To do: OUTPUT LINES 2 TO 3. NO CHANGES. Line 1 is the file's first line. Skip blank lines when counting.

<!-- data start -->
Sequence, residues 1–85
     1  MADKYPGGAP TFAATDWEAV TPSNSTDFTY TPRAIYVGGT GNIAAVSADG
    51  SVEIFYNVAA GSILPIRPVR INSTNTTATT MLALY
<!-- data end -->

     1  MADKYPGGAP TFAATDWEAV TPSNSTDFTY TPRAIYVGGT GNIAAVSADG
    51  SVEIFYNVAA GSILPIRPVR INSTNTTATT MLALY